You have likely heard of Christianity Today, the online magazine founded by Billy Graham. You may have never heard of it before Dec. 19, but on that day they published an editorial that broke the internet. It was picked up by news outlet after news outlet, went viral on social media, and within 24 hours their servers had crashed.
This article commented on the presidential impeachment hearings, and the president responded on Twitter. All of this feels very expected in the world we currently live in, but there was a phrase in the president’s tweets that stuck with me. The president stated that his Democratic opponents in the 2020 election “want to take your religion and your guns.” I couldn’t get that pairing out of my head: religion, and guns. Religion ... and guns?
....have a Radical Left nonbeliever, who wants to take your religion & your guns, than Donald Trump as your President. No President has done more for the Evangelical community, and it’s not even close. You’ll not get anything from those Dems on stage. I won’t be reading ET again!— Donald J. Trump (@realDonaldTrump) December 20, 2019
I understand there is an audience in mind, and this statement is meant to stir up fear and call people to action, but how in the world did Christianity (assuming that was what was being inferred by the word religion) become synonymous with gun ownership? Or worse, with political movements against any form of firearm regulation?
Christianity, at its core, is a commitment to imitating Jesus. You know, the “turn the other cheek” “love your enemies, pray for those who persecute you” guy. How is He synonymous with gun ownership?
I’ve heard a few arguments from people over the years that Jesus was in favor of violence, but, given a little context and in light of the bulk of Jesus teaching and action, they all seem to fall short.
“Jesus made a whip and flipped over tables in the Temple.” Yes, but that whip comment is right by the driving oxen and sheep out of the temple comment, maybe the two were related? Besides, the reasoning Jesus gives for His actions is not in any way condoning violence, rather seeking justice for the outsider: “My house shall be called a house of prayer for all nations, but you have made it a den of robbers.”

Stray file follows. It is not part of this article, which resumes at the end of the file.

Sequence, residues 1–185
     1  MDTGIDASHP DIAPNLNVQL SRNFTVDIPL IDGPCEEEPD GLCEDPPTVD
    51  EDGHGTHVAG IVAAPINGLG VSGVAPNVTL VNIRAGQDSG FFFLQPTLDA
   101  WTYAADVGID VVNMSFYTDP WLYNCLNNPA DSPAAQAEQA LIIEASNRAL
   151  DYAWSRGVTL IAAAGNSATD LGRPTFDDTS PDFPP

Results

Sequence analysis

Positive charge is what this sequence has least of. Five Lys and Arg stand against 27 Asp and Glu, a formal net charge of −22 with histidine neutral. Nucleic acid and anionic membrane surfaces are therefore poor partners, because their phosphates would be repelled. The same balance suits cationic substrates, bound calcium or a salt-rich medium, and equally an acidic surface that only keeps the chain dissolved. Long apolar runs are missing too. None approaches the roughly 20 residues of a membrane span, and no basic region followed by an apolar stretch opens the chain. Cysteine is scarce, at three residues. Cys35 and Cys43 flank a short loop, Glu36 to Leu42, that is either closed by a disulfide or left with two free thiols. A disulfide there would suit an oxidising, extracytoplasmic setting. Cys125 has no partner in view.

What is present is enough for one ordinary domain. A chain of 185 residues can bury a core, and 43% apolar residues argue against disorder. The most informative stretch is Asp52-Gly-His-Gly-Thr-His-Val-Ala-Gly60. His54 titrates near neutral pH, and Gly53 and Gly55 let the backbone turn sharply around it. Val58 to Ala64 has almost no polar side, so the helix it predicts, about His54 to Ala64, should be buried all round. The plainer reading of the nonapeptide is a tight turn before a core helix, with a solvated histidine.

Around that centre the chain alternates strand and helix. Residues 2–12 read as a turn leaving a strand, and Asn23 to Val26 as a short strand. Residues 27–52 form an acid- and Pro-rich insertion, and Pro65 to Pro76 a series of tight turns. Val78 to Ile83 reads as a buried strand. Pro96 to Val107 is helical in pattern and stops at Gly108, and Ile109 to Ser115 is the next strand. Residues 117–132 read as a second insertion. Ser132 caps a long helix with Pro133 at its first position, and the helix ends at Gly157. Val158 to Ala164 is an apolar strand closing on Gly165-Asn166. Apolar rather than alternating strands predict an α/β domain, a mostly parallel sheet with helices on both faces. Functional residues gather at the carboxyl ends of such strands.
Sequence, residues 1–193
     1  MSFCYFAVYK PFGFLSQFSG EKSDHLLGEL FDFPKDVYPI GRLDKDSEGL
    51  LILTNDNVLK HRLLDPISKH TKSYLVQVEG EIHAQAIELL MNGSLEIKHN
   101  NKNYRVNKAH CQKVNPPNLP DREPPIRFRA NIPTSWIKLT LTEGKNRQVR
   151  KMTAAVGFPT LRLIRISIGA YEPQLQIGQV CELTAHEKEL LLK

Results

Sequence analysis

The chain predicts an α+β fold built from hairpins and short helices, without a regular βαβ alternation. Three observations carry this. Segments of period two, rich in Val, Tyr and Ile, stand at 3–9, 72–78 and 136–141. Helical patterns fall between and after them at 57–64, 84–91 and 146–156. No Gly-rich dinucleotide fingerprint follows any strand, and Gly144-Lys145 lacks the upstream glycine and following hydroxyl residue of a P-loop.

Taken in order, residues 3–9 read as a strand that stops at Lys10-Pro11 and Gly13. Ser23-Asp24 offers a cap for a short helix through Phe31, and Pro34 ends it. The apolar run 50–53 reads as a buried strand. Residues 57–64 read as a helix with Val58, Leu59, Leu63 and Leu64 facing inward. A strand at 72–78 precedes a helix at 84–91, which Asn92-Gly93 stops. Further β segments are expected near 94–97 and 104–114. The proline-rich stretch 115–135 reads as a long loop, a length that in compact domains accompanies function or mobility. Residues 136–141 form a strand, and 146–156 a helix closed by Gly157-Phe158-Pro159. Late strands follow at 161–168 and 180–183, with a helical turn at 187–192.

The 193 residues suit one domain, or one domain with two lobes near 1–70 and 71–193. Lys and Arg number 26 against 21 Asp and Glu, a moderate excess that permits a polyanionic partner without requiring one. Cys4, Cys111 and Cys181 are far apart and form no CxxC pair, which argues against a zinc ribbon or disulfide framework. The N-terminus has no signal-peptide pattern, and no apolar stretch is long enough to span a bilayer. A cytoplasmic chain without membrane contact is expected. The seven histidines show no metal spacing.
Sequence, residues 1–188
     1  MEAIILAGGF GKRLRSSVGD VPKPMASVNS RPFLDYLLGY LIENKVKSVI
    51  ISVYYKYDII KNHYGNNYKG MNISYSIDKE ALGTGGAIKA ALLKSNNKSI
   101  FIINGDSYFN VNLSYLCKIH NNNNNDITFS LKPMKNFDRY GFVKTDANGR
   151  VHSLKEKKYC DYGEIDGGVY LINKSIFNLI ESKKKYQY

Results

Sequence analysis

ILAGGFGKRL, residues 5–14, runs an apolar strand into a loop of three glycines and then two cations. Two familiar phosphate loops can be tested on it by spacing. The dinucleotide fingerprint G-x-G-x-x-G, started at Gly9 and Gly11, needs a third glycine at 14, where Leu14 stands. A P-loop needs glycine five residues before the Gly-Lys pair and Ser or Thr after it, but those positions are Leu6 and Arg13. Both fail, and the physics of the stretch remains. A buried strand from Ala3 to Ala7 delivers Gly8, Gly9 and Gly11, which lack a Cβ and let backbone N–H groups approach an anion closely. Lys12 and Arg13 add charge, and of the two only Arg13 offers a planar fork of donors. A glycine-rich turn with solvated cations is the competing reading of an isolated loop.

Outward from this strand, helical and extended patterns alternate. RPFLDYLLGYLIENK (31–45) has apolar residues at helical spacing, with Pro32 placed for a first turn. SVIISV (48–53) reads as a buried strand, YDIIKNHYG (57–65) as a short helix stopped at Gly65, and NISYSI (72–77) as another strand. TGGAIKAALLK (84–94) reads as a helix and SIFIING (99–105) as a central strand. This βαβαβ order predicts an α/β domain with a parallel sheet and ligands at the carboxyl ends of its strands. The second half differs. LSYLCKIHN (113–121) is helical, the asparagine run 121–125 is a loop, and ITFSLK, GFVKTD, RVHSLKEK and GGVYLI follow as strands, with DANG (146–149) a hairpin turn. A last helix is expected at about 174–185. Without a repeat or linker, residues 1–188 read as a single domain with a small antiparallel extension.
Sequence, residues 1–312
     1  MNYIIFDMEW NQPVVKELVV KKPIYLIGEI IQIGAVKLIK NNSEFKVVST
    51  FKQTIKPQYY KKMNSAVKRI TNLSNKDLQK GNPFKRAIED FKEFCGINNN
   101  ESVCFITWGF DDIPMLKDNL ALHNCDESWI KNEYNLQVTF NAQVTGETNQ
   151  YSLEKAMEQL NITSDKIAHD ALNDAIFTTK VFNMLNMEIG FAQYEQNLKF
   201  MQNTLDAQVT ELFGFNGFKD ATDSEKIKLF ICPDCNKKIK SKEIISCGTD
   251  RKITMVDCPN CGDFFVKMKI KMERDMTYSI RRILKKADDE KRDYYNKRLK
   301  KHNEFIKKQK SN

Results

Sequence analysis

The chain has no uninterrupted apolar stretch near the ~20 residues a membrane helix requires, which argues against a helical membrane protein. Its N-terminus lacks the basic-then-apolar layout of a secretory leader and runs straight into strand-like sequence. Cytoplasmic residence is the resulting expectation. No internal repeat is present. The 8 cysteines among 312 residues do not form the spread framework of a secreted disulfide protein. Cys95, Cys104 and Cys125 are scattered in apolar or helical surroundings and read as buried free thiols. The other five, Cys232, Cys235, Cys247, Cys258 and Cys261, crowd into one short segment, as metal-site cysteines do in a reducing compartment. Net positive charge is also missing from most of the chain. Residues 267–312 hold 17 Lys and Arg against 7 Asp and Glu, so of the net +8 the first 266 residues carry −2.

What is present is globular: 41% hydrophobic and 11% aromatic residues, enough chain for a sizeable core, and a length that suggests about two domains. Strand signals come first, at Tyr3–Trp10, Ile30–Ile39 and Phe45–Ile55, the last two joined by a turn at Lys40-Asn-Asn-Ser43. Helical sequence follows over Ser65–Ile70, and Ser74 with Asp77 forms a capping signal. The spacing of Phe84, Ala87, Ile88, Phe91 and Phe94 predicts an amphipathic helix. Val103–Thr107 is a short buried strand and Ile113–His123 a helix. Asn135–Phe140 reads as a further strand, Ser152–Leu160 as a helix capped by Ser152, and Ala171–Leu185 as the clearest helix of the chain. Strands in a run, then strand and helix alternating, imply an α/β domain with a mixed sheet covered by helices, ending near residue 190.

What about when Jesus said, “I have not come to bring peace, but a sword”? Yes, He did say that. Matthew 10 starts with Jesus calling Talmudin (commonly translated Disciples) to imitate Him, live with him, learn through observation, and then sends them out to do the same work He has been doing all over the region. But before sending them off, he launches into a long speech about how they will be persecuted or mistreated. “They call me Beelzebub, what do you think they will call you?”
So yes, He did say that, but He wasn’t calling His disciples to use swords. He was giving them a lengthy pep-talk about the type of reception their message was going to get from people. At that moment, He was specifically talking about families being turned against each other. Do you suppose “Daughter-in-law against Mother-in-Law” was a call to bloody violence? Is that what he meant by bringing a sword?
“But Jesus told the Disciples to sell their cloak and buy a sword during the last supper.” Yes, indeed. And again, let’s remember the context. First, let’s pick up in Luke 22, following right after that buy a sword comment:
“’For I tell you that this Scripture must be fulfilled in me: “And he was numbered with the transgressors.” For what is written about me has its fulfillment.’ And they said, ‘Look, Lord, here are two swords.’ And he said to them, ‘It is enough.’”
Between Jesus’ comment about being numbered with transgressors and His replying that two swords are just fine for the 12+ party they had, I’d say condoning violence wasn’t the point. But in case you have any doubt, remember that later this night when Peter tries to defend Jesus with this sword they are all talking about, Jesus stops him, says basically “that’s not the way we do things,” and heals the soldier Peter attacked. This is the very same night in question. If He literally wanted them to buy swords (it seems pretty clear He didn’t) He definitely didn’t want those swords used on other people.
And that’s kind of the point, isn’t it? I know it is possible to own a gun that will never be used to harm a person. I know many people who own guns and do everything they can to ensure that no person would ever be harmed by those guns. But I have also met many, many people who have guns as a measure of protection against other human beings, and many of them also claim to be followers of Jesus.
I will never argue one way or another about a person’s efficacy at imitating Jesus; I think we are all in process and becoming more fully human day to day, year to year. But please don’t argue that Jesus would be for violence against other human beings: self-protection, property protection or otherwise. That was not Jesus’ way. Jesus healed the soldier, went quietly to the cross, and spoke words of compassion and grace over His torturers.
So when it comes to firearms, you can commit to following Jesus and in no circumstances use that gun to harm another human being, or you can buy that gun to protect yourself and your property and choose to live a different path than Jesus, but you cannot equate attempts to regulate firearms with an attack on your religion. That is, if your religion is about following Jesus.
Buddy Gharring is the pastor of the United Methodist Church, 360 Shoshone St. E., Twin Falls. Sunday worship is at 9:30 a.m., and the Be Open meditation group meets at 7:30 p.m. Sundays. For more information, email email@example.com or go to twin.church.
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